After his return to Ridgefield, he married Evelina Branchini in 1912. Vincenzo, known to his friends as “Jimmy,” was a native of Ripe, Ancona, Italy, and Evelina, who immigrated in 1911, was born in San Giorgio, Italy. By 1916, they had purchased a 65-acre farm on Nod Road. Joe was third oldest, behind Ada (later Ada Walker) and Aldo; his younger brothers were Albert, Alfred and John. Vincenzo Tulipani was known for his skill with horses as well as his farm: in earlier days, he drove a team and worked in livery stables. In the early 1930s, he mowed the Ridgefield Golf Club’s fairways using his horse, wearing special boots to protect the turf, to pull the mower (as recorded in “Impact: The Historical Account of the Italian Immigrants of Ridgefield, Ct.,” by Aldo P. Biagiotti). This was one of the side jobs he took to support a large family and pay the farm’s bills.

The Tulipanis later moved from the Nod Road farm to Ivy Hill Road where they had another farm. Vincenzo Tulipani died at age 90 in 1977; Evelina Tulipani died in 1972. As a youngster, Joe Tulipani learned farm work by observation, he explains in his memoir, and there was much to learn, from handling the team of horses to baking the week’s bread for a family of eight. What makes his memoir such a treasure is the depth of detail he provides about seemingly mundane tasks that were once familiar to many and now are largely unknown. 

The Passing of Keeler Farm

After Mortimer Keeler’s passing in 1940, the farm at 31 Nod fell into a state of neglect. In 1950, Thomas E. Baggott purchased land that became locally-known as Heritage Farm. Shortly thereafter, the number also changed to 188 Nod Road.

The Baggott’s employed many local high school kids for $1.05 per hour to plant, weed and pick fruits and vegetables at the farm on Nod Road, and in Brookfield where present-day Elephant Trunk Flea Market is located. The Heritage Farm Market and Cider Mill on Routes 7 and 35 remained a popular destination until it closed in 1968.

Baggott sold 120 acres in 1959 to Giles and Barry Montgomery, which became Twin Ridge, and remaining parcels were sold over time.

At the time of the land purchase, Giles Barrett ‘Barry’ Montgomery was only 21 years old, so it’s reasonable to conclude that his father, Giles Montgomery, set his son up in the business with Twin Ridge Incorporated. More impressive, the initial Twin Ridge deal was likely one of the largest, if not the largest, real estate transactions at the time, Barry clearly used the opportunity to build experience.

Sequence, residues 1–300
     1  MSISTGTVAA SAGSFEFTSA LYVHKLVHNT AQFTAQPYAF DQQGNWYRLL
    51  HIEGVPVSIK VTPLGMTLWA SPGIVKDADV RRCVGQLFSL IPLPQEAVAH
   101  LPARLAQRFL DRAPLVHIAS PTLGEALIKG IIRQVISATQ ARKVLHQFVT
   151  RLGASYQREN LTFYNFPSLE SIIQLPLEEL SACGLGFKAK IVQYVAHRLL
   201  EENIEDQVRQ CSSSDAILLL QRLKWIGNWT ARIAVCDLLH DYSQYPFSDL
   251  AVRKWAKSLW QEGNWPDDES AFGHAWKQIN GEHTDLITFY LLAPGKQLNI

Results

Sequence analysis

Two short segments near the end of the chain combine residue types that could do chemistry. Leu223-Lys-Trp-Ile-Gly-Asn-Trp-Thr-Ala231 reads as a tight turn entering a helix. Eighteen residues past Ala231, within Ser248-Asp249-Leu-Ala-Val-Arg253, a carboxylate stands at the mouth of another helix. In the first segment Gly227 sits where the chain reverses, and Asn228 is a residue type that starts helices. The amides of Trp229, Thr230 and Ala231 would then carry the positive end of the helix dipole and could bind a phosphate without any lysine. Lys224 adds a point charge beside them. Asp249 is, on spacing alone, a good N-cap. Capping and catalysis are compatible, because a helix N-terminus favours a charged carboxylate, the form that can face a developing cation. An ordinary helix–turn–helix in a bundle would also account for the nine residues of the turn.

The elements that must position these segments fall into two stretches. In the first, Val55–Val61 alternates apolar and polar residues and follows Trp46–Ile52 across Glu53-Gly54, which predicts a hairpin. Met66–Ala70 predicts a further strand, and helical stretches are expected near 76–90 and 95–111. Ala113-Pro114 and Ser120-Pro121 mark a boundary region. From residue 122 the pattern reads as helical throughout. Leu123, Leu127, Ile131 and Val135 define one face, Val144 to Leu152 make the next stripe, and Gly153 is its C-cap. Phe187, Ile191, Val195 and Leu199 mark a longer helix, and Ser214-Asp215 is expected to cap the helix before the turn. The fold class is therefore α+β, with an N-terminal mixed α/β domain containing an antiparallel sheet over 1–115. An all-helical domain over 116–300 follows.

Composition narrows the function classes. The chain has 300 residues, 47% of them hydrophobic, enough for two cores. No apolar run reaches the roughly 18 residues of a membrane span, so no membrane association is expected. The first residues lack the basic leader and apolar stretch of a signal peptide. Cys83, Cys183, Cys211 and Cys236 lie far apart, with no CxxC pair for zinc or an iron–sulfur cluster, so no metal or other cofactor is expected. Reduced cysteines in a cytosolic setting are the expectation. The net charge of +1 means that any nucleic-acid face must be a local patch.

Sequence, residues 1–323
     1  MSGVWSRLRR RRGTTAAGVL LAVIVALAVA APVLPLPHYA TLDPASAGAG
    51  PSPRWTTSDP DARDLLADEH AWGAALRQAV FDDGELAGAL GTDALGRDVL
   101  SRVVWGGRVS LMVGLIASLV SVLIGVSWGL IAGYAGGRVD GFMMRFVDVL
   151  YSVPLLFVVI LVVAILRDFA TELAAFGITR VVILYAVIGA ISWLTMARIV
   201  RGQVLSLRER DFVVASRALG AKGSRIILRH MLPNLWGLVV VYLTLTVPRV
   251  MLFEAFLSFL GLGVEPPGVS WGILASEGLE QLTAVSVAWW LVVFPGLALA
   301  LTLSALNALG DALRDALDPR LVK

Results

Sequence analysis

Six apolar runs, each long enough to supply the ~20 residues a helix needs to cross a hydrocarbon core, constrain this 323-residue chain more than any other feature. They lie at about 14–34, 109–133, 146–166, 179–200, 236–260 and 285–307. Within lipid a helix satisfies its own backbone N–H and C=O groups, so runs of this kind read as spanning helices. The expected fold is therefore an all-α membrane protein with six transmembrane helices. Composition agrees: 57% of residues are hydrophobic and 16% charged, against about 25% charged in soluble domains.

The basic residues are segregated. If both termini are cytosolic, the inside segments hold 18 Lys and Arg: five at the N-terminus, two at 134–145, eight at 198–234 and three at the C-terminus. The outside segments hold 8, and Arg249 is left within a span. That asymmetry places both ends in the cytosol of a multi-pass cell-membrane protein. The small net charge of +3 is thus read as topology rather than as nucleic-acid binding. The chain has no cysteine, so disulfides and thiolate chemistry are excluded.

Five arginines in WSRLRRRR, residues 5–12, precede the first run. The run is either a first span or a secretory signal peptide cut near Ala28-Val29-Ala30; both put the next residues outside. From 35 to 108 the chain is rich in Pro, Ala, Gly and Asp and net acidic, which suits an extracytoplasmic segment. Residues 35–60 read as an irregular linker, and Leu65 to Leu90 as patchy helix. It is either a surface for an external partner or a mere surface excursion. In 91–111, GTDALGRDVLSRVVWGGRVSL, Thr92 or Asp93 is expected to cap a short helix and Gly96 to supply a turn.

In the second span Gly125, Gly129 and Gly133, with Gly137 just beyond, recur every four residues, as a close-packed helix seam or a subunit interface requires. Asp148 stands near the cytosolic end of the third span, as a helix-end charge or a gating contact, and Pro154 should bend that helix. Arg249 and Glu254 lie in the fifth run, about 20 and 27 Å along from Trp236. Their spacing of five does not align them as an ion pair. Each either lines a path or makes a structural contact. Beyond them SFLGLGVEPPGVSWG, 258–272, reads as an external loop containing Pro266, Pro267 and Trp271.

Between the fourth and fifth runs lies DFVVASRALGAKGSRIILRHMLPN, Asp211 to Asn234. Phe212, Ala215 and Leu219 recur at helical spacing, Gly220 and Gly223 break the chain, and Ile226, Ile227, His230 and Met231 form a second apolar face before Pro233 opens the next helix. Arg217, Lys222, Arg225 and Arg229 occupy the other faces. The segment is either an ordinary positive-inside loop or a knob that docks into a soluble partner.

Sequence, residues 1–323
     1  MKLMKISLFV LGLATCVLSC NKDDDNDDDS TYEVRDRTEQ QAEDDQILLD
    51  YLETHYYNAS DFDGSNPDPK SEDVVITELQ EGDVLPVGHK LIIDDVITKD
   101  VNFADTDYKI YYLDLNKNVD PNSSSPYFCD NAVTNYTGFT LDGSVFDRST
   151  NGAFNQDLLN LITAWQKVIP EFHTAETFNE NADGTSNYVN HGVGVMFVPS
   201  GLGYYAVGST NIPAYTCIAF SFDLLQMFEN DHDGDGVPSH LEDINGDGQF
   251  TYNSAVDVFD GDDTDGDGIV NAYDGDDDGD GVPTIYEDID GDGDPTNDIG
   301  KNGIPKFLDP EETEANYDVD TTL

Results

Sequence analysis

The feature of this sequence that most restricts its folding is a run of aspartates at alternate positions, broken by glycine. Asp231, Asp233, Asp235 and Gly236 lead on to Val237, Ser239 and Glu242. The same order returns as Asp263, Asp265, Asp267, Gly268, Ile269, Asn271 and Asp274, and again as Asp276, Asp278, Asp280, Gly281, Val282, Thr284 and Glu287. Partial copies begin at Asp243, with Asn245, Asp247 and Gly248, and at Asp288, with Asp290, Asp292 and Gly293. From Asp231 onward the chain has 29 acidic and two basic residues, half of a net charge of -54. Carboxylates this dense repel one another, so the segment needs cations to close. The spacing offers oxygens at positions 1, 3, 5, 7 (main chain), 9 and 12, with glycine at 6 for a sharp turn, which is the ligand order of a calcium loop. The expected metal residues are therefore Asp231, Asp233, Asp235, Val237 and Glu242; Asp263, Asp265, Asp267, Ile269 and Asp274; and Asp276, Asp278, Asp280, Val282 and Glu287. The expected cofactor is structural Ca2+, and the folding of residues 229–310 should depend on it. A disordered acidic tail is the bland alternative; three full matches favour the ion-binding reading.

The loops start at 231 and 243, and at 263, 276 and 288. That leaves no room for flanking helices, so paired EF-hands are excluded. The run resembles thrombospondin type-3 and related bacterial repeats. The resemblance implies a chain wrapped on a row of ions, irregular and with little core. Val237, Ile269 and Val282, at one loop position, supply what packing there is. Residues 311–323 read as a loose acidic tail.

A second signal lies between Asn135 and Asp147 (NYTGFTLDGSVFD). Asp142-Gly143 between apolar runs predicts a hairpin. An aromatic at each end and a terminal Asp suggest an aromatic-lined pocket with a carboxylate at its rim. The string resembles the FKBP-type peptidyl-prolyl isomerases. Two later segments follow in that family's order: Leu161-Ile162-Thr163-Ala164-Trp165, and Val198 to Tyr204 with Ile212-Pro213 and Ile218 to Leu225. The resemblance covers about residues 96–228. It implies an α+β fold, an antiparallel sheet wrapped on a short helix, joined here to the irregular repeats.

Today, the Baggott family still operates Heritage Farms in East Windsor, Connecticut.

Development of Twin Ridge

In his book, Ridgefield Names, local historian, Jack Sanders describes Twin Ridge as “… a subdivision developed initially between 1960 and 1968 by Giles and Barrett ‘Barry’ Montgomery. Once farmland that had belonged to the Keeler family for over 200 years, the development has long been considered a showplace with many attractive homes erected by independent builders, but only after plans had been approved by the Montgomery family. The name ‘Twin Ridge’,
descriptive of the terrain, was created for the subdivision, and is not old. Roads in the subdivision are similarly descriptive of terrain or flora on it: Beechwood Lane, Indian Cave Road, Little Ridge Road, Rising Ridge Road, Strawberry Ridge Road and, of course, Twin Ridge Road, which is the main entrance, runs from Nod Road by the intersection with Indian Cave to the cul-de-sac.’”

The creation of what today is known as Twin Ridge involved two land purchases in 1960 and then 1968 totaling 128 (later to become 129) parcels and was one of several sub-division projects that contributed to the town’s significant growth. One survey conducted by the Connecticut Development Commission, shows that Ridgefield’s population rose by 65 percent from 8,165 to 13,506 during the seven-year period. Over 55 years later, by comparison, Ridgefield’s population stands at a little over 25,000.

The initial purchase of 120 acres from the Thomas E. Baggott family’s 165-acre Heritage Farm property at 188 Nod was completed in 1959 by Giles Montgomery. The Baggott’s had previously acquired the property from Mortimer Cole Keeler, fifth great grandson of Ridgefield founder Samuel Keeler, and Grace Edna Keeler in 1950, and operated the Heritage Market and Cider Mill formerly located at the intersection of Routes 35 and 7 now occupied by

From this purchase, a total of 68 lots were created and sold on Twin Ridge Road, Indian Cave Road, Little Ridge Road and Rising Ridge Road. Number 10 Twin Ridge on the southeast corner of Nod and Twin Ridge, currently owned by Marty and Amy Grossfeld, was the first ‘showcase’ home built in 1961. Present day, this initial ‘western’ parcel consists of 97 homes mostly built 1962-72 with the most recent construction of 53 Twin Ridge completed in 2012.